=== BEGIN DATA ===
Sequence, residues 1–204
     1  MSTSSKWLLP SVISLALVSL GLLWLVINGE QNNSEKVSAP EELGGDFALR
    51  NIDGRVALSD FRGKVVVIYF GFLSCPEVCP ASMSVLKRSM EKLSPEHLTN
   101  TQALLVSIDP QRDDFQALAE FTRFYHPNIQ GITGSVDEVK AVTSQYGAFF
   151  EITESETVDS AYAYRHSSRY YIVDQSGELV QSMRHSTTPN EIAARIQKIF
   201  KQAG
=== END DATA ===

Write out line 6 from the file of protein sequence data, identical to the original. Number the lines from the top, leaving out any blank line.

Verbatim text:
   201  KQAG